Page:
Communist Famines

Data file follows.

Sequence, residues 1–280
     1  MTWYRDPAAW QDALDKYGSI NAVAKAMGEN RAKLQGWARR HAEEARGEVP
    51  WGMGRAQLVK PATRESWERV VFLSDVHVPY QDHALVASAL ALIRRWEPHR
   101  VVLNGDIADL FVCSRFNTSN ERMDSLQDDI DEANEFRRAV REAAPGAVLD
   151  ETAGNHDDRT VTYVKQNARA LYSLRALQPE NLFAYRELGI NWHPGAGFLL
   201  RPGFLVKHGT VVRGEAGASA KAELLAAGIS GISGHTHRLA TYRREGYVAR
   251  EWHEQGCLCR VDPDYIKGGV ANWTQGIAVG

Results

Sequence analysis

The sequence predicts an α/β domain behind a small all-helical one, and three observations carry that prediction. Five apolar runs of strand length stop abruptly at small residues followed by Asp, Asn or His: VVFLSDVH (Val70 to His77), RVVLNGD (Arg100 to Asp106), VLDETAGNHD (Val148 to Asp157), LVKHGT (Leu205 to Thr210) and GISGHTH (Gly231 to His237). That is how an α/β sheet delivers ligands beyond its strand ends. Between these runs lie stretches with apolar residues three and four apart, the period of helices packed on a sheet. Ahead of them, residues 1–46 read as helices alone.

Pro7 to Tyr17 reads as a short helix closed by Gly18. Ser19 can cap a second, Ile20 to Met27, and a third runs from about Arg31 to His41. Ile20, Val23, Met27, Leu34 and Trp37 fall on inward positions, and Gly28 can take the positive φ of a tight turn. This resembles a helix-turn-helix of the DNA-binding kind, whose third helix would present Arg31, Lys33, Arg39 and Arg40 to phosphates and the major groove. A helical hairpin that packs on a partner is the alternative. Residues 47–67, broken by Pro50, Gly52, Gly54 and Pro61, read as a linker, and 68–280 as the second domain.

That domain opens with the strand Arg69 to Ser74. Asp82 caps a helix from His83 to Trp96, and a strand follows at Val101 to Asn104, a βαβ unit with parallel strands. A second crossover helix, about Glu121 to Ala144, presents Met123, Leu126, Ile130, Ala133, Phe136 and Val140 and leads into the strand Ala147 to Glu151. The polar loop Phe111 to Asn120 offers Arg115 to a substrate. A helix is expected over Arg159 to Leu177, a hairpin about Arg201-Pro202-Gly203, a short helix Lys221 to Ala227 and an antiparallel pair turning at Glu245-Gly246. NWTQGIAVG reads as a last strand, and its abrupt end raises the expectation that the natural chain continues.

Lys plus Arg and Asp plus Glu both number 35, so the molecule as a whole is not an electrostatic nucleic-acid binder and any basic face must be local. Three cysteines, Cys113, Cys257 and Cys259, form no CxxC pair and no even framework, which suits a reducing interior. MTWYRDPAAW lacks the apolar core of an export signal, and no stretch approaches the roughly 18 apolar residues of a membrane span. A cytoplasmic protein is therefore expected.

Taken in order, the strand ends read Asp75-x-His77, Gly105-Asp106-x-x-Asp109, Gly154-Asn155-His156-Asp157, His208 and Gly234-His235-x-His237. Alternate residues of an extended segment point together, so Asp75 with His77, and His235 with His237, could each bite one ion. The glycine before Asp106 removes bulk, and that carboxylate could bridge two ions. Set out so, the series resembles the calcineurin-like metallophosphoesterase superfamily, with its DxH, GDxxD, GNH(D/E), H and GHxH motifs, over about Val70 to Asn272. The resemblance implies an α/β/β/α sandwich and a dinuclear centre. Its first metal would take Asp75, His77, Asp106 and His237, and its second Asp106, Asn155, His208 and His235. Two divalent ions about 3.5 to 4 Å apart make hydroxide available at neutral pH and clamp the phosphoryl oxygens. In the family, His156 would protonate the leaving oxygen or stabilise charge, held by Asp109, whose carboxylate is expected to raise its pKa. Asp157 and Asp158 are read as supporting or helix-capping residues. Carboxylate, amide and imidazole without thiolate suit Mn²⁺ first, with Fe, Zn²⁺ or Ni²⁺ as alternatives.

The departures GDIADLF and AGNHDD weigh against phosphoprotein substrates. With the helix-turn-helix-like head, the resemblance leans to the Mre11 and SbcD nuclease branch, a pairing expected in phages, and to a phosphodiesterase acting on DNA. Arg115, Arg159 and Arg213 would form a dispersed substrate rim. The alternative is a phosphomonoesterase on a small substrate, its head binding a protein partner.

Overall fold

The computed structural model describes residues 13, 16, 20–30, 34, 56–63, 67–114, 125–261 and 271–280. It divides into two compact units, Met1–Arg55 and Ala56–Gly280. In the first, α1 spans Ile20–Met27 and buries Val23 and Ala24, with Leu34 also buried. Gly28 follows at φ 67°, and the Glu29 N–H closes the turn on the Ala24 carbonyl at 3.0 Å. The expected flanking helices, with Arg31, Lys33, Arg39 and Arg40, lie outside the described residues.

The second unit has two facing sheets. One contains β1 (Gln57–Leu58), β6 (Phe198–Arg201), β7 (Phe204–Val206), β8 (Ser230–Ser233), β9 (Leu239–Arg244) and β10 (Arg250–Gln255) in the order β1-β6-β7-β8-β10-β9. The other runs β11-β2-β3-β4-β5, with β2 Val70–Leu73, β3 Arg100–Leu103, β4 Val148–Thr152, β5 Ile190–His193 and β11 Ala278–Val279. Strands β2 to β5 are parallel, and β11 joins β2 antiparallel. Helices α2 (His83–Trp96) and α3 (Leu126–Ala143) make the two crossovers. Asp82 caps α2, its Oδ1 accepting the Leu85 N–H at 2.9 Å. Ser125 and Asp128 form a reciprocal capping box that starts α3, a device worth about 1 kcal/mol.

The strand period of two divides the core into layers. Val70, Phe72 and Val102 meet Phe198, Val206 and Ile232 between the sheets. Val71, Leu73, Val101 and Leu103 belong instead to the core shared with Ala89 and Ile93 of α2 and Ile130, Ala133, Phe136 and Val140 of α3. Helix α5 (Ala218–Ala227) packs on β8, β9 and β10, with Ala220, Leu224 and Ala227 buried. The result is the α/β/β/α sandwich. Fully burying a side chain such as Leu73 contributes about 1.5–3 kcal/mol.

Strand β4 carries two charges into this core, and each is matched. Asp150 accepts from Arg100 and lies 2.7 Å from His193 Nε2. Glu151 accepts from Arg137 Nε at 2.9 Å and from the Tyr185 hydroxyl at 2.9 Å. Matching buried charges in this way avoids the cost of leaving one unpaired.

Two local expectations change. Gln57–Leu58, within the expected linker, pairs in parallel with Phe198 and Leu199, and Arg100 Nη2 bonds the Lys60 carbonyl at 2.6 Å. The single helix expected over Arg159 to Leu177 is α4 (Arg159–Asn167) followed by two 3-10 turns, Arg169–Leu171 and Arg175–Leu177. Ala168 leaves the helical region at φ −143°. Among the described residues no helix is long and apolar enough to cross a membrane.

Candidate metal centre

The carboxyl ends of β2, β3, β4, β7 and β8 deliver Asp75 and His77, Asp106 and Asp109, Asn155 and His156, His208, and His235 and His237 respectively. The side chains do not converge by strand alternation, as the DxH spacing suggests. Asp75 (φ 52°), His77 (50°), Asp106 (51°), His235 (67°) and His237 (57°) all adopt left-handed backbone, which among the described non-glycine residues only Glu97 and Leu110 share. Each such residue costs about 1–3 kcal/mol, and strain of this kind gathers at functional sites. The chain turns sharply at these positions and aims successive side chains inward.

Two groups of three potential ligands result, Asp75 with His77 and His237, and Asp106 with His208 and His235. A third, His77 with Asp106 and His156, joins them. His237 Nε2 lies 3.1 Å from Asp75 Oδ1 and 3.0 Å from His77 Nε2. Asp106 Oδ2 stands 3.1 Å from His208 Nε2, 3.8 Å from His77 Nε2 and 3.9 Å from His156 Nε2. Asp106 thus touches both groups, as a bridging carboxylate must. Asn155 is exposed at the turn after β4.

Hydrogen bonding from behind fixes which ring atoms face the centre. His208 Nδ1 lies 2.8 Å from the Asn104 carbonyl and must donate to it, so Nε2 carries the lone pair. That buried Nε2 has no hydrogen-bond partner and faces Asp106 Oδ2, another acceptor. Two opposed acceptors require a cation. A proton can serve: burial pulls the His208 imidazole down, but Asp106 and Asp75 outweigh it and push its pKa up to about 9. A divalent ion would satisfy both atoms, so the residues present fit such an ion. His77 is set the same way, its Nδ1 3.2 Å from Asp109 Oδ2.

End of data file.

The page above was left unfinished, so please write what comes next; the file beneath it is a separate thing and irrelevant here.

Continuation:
Communist theorists present socialism and central planning as a scientifically proven method of managing eonomies, making economies more efficent and avoilding the uncertainty and chaos of market fluctuations. Communist regimes use images of happy peasants producing boutiful harvests and well-fed workers. As with most aspects of socialism, the theory is seductive because it sounds so wonderful. Actual performance could, however, not be more different. Communist regimes have tragically not only oveseen subtantial declines in harvests, but have actually caused the worse famines in human history. No economic system has so collasally failed. The Communists also failed in industry, but the agricultural failure was more collasal and castistrophic. And in many instances caused these famines in countries that were historic bread baskets. The Communists, for example, turned Russia and Ukraine from a major grain exporting area to a country that had to import grain to fed its population. A famine has two causes. First is a dramatic drop in harvests. Second is a failure of relief operations. This explains why Communist regimes have caused so many of these terrible famines. Not only does collectivization based on Marxist theory reduce harvests, but Communist regimes have typically attenpted to prevent news of their failure from leaking out of their closed societies. To admit a famine is to admit failure which is something they can not do and continue to claim that that they have the cietific key to the future. Hiding these famines meant that tens of millions of people died. Communist leaders prefered to let their people die in the millions rather than admit failure. And if that was not bad enough, the Communists have actually created artifical famines to target people who they considered untrustworthy. This was the case in the terrible Ukranian Famine created by Stalin.